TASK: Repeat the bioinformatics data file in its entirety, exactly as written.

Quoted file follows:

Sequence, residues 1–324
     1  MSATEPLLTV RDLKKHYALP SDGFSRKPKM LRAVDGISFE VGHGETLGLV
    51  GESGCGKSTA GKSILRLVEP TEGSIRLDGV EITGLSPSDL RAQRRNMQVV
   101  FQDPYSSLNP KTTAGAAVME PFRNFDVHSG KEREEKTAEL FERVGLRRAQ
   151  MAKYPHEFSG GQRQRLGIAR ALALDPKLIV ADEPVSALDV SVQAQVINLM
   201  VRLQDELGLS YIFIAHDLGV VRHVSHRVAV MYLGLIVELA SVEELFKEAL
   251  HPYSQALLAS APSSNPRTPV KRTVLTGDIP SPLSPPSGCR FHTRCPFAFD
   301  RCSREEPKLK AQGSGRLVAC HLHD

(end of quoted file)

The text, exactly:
Sequence, residues 1–324
     1  MSATEPLLTV RDLKKHYALP SDGFSRKPKM LRAVDGISFE VGHGETLGLV
    51  GESGCGKSTA GKSILRLVEP TEGSIRLDGV EITGLSPSDL RAQRRNMQVV
   101  FQDPYSSLNP KTTAGAAVME PFRNFDVHSG KEREEKTAEL FERVGLRRAQ
   151  MAKYPHEFSG GQRQRLGIAR ALALDPKLIV ADEPVSALDV SVQAQVINLM
   201  VRLQDELGLS YIFIAHDLGV VRHVSHRVAV MYLGLIVELA SVEELFKEAL
   251  HPYSQALLAS APSSNPRTPV KRTVLTGDIP SPLSPPSGCR FHTRCPFAFD
   301  RCSREEPKLK AQGSGRLVAC HLHD